Like a stubborn stain, the idea that wool is an allergen just won’t go away. Recent headlines about the uniforms of American Airlines flight attendants scapegoated the wool in the fabric even though the manufacturer’s standard uniform comprises more polyester than wool, and testing by the flight attendants union found detectable levels of chemicals commonly found in pesticides, fungicides and fertilizers.
Moreover, the union reported concerns that the manufacturing of the fabric, not its fibre content, was the source of the problem. Even so, the focus came down to wool “allergy.”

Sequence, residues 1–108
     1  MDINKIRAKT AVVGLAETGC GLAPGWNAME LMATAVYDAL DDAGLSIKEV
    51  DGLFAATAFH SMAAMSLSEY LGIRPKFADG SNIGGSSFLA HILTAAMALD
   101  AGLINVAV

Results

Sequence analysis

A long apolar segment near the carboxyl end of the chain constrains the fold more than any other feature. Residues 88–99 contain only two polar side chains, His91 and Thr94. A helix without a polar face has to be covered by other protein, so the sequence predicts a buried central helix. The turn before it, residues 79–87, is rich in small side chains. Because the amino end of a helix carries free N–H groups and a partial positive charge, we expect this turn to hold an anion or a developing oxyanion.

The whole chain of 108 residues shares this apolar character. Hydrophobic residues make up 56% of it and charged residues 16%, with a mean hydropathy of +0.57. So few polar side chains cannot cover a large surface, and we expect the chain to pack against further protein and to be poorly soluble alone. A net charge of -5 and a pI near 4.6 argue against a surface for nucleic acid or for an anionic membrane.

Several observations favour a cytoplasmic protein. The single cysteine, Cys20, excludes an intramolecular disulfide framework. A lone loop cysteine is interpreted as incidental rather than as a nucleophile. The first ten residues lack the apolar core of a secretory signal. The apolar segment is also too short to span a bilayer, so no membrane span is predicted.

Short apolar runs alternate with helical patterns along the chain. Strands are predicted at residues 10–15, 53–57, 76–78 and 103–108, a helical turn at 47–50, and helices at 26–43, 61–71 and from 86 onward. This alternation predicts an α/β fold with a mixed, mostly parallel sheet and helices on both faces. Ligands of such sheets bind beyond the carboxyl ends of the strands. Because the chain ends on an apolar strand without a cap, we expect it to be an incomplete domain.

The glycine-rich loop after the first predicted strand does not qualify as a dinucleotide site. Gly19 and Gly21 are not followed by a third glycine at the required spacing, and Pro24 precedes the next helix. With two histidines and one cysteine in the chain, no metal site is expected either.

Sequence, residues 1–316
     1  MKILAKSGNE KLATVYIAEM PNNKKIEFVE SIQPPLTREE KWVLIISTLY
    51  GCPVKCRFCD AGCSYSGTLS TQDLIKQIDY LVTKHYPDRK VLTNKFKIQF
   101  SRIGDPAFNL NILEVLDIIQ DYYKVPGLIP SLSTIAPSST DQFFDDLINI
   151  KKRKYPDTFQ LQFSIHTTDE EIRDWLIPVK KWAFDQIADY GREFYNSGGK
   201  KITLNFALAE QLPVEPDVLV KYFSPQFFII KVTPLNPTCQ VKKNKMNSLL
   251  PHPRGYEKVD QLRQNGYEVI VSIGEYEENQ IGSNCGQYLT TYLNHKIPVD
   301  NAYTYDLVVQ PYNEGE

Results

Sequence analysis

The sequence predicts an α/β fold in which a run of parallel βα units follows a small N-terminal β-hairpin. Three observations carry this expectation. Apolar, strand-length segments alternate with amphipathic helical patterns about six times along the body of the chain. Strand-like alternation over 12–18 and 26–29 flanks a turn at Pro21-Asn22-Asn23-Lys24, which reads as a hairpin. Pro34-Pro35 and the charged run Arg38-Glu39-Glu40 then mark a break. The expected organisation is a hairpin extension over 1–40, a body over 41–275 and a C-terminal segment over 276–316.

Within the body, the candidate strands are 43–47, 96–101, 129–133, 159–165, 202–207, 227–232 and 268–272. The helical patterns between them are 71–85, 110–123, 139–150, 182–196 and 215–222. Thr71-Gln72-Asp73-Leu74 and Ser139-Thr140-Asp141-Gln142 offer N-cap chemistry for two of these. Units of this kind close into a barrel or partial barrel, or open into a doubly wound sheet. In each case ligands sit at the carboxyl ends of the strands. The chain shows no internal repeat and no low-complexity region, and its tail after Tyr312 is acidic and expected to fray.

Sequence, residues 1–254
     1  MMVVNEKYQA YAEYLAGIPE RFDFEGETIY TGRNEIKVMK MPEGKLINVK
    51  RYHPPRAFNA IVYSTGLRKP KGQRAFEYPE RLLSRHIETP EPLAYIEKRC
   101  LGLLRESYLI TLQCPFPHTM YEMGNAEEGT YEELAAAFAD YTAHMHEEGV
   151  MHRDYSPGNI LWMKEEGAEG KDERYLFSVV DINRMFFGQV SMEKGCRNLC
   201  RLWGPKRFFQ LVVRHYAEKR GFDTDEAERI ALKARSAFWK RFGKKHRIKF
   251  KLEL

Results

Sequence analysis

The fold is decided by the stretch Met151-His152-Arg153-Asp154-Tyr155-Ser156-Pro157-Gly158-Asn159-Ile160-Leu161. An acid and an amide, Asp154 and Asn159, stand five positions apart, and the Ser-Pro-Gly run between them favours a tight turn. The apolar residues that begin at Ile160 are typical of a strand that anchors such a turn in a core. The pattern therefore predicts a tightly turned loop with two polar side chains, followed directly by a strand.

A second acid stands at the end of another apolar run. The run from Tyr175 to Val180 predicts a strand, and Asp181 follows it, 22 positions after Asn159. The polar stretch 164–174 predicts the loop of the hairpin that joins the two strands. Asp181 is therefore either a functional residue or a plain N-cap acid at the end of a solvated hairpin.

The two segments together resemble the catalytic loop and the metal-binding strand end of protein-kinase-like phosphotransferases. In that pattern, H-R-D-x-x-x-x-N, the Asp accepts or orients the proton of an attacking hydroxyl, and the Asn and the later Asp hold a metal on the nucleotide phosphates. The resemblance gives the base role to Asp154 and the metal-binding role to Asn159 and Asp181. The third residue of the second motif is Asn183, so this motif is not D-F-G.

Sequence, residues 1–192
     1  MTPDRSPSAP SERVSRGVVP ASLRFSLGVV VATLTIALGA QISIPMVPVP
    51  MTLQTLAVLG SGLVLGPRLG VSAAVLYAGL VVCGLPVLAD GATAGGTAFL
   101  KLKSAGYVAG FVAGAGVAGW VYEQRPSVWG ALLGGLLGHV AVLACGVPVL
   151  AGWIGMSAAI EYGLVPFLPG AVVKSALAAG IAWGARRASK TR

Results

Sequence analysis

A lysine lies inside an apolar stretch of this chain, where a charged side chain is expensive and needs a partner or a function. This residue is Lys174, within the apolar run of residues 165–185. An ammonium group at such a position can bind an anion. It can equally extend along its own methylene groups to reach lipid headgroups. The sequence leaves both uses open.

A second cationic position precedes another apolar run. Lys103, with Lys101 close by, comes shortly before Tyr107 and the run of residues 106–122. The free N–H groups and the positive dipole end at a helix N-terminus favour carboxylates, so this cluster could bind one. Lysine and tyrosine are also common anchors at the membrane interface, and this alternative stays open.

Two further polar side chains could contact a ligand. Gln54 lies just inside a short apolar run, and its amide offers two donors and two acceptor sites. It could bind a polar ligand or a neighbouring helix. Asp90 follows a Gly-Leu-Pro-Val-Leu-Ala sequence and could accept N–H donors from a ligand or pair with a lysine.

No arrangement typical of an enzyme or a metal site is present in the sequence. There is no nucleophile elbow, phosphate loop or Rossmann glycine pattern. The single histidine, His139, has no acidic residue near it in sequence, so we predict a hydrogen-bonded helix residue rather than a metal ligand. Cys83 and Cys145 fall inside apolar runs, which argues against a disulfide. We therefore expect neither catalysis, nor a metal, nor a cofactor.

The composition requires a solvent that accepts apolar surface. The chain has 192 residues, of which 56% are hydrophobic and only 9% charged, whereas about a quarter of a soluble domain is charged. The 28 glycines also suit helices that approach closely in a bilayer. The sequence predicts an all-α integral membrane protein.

What would Martha Stewart do?
First, the facts. It is a common misconception that wool can cause an allergic reaction. Studies show that all fibres, not only wool, can provoke a prickle sensation on the skin if the fibre end is coarse enough. This prickle can be itchy and cause irritation, but it is not allergy.
While fine fibres bend and brush against the skin, coarse fibres tend to be more rigid and can trigger nerve endings in the skin’s surface.